In the news today, June 25

Five stories in the news for Tuesday, June 25


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David Saint-Jacques returned to Earth on Monday after more than six months aboard the International Space Station. The native of Saint-Lambert, Que., has set a record for the longest single spaceflight by a Canadian at 204 days. The Canadian astronaut was joined by NASA astronaut Anne McClain and Russian cosmonaut Oleg Kononenko aboard a Soyuz capsule that landed in Kazakhstan. NASA described the landing as "picture perfect" as the capsule descended in Kazakistan at 10:47 p.m. ET. Saint-Jacques was the last to be carried out of the capsule and he gave a thumbs-up sign as he emerged. The crew were offered water and fresh fruit as they sat in chairs about 15-feet away from the capsule before being taken away for initial medical checks.



A fertility doctor previously disciplined for artificially inseminating several women with the wrong sperm is set to appear before Ontario's medical regulator today to face additional allegations, including that he used his own sperm in certain procedures. Dr. Bernard Norman Barwin admitted to committing professional misconduct when he appeared before the College of Physicians and Surgeons of Ontario's discipline committee in 2013, saying errors in his practice had left three patients with children whose biological fathers were not the ones they intended. The committee suspended him from practising medicine for two months, but Barwin gave up his licence the following year.



Qualified black Canadians are being passed over for promotions to senior positions in the federal government due to systemic racial barriers, says Independent MP Celina Caesar-Chavannes. Caesar-Chavannes, who is not running for re-election in October, used her final act in the House of Commons last week to shine a light on what she says is discrimination in the civil service. She says in all of Canada's history, no black person has been appointed as a federal deputy minister, the bureaucratic head of a department. She also says there has been a "thinning out" of visible minorities at the assistant-deputy-minister level.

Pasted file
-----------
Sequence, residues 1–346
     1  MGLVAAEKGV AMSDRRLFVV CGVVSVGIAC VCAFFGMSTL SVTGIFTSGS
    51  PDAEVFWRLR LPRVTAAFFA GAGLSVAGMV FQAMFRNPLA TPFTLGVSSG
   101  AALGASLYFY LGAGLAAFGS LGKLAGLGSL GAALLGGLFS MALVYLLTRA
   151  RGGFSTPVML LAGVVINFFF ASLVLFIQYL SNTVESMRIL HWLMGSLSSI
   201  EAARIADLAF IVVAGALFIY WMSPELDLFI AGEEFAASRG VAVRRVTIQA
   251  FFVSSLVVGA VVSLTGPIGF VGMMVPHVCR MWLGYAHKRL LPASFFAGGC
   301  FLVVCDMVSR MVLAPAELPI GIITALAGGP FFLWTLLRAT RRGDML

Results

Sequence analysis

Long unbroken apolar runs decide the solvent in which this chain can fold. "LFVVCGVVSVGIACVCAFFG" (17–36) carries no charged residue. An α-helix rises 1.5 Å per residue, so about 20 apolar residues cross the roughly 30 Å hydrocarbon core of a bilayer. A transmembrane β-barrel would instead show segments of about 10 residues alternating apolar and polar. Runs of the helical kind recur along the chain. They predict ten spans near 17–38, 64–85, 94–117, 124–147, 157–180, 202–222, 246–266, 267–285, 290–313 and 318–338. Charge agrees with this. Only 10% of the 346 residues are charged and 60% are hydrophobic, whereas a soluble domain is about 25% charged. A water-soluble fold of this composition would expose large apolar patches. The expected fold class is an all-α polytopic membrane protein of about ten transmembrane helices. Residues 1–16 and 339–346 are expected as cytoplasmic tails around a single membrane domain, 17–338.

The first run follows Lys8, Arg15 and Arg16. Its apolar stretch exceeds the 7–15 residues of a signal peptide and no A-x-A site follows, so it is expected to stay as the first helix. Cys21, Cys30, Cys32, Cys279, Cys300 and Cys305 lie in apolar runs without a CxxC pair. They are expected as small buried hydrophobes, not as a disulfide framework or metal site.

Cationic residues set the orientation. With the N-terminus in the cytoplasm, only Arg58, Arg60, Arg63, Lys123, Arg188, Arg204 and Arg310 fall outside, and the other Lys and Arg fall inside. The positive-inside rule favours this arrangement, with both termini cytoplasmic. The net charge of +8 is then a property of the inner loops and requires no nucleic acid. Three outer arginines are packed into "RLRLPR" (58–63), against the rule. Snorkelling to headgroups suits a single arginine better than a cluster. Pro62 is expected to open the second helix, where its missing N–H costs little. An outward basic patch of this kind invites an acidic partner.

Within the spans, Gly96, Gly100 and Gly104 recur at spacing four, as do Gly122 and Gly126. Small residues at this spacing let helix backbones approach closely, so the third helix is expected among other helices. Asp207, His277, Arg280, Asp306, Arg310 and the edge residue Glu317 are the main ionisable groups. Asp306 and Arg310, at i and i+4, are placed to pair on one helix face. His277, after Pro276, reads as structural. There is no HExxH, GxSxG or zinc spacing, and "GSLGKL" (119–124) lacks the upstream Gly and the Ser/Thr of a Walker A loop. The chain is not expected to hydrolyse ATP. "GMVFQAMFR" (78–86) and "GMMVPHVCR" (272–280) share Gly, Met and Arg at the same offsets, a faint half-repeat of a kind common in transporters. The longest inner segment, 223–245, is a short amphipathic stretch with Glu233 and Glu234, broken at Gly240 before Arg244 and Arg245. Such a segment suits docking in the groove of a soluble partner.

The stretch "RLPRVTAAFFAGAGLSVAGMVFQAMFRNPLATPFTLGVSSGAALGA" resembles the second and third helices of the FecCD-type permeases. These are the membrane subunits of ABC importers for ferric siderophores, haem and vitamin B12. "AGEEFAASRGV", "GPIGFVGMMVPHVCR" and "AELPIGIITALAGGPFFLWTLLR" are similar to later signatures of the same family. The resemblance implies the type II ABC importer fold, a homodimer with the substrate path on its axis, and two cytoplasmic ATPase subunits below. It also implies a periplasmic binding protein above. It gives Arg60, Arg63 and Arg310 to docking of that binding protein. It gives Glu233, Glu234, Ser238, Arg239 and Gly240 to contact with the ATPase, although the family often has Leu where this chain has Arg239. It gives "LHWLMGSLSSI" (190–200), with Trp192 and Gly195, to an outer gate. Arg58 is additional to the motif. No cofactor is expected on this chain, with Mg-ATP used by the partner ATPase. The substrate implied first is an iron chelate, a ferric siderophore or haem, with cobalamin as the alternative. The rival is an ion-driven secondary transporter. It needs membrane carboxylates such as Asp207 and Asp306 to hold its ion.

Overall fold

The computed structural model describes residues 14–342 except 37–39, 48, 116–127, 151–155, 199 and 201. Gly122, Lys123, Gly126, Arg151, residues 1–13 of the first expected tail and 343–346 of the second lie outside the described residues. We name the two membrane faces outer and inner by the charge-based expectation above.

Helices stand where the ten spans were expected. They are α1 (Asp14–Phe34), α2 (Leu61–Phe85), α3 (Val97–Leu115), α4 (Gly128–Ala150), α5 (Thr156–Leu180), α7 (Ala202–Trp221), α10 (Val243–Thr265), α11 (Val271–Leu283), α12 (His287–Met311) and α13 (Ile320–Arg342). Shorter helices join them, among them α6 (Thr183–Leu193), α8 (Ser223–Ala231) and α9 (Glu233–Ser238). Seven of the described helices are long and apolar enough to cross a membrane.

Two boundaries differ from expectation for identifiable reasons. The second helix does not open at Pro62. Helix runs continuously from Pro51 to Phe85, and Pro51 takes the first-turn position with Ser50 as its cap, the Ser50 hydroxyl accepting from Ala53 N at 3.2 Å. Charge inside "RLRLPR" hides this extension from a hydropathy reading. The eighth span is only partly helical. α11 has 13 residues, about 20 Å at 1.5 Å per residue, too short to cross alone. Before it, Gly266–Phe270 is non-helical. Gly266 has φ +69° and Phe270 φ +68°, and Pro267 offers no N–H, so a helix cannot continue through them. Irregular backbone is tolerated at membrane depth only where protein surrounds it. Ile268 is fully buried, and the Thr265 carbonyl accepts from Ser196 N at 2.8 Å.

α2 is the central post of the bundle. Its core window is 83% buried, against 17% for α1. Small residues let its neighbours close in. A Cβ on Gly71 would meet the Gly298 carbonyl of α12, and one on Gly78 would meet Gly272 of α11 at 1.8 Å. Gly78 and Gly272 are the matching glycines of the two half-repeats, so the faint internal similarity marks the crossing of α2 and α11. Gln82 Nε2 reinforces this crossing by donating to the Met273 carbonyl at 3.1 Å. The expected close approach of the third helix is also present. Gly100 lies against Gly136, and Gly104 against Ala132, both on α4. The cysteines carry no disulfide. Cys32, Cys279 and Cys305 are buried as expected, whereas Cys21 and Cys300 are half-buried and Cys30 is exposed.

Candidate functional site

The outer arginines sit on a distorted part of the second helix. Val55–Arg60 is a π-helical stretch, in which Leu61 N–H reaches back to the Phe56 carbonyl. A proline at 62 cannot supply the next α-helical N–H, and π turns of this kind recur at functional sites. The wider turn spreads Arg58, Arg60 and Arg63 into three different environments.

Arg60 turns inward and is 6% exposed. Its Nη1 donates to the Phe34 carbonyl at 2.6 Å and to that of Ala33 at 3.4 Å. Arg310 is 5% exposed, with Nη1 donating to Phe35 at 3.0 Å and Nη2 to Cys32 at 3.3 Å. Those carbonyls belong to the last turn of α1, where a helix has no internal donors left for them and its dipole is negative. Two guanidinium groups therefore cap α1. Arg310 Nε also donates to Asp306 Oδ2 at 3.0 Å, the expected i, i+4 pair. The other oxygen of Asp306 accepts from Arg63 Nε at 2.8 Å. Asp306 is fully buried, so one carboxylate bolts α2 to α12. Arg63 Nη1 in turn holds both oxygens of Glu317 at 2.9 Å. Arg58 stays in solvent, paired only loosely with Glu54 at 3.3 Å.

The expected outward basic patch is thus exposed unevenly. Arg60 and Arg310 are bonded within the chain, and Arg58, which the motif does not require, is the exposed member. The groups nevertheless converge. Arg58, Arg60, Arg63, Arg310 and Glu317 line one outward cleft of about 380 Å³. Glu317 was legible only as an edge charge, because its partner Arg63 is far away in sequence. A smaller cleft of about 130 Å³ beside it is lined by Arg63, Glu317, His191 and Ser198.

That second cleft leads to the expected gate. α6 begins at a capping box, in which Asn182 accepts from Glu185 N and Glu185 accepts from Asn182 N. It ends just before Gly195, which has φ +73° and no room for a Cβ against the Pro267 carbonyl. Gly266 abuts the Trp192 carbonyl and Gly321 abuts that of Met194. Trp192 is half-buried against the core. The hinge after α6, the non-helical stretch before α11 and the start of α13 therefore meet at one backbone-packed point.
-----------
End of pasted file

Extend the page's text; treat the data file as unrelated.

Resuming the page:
Sto:lo Nation educator Ethel Gardner is confident that the fate of the Coast Salish language Halq'emeylem is looking up, despite its classification as critically endangered by UNESCO. She says the language is alive. Gardner, who also goes by her First Nation's name Stelomethet, served as an elder-in-residence at Simon Fraser University, where she wrote her dissertation on the relationship between Halq'emeylem, pronouced halk-ah-may-lem, and Sto:lo communities of B.C.'s Fraser Valley. She says decades of arduous work to preserve Halq'emeylem is paying off as more people begin to learn the language.



Canada's Hayley Wickenheiser is one of the headliners among eligible players for selection into the Hockey Hall of Fame today. The class of 2019 will be announced this afternoon. Wickenheiser is a 40-year-old native of Shaunavon, Sask. She was one of the top players on four Olympic champion Canadian women's teams. She retired as the country's all-time leading scorer after 23 years on the national team and now works at the assistant director of player development for the Toronto Maple Leafs.



— Environment Minister Catherine McKenna makes an announcement on how the federal government will allocate a portion of the proceeds collected as a result of carbon pollution pricing, and holds a media availability.

— Defence Minister Harjit Sajjan makes an announcement in partnership with the Roméo Dallaire Child Soldiers Initiative on the Vancouver Principles on Peacekeeping and the Prevention of the Recruitment and Use of Child Soldiers. A media availability follows.

— Trial for Tasha Mack who faces second-degree murder charges in the death of her boyfriend Joey Crier's 19-month-old son. The toddler was found outside an Edmonton church in April 2017.

— Conference to celebrate Indigenous languages from around the world in support of language revitalization.


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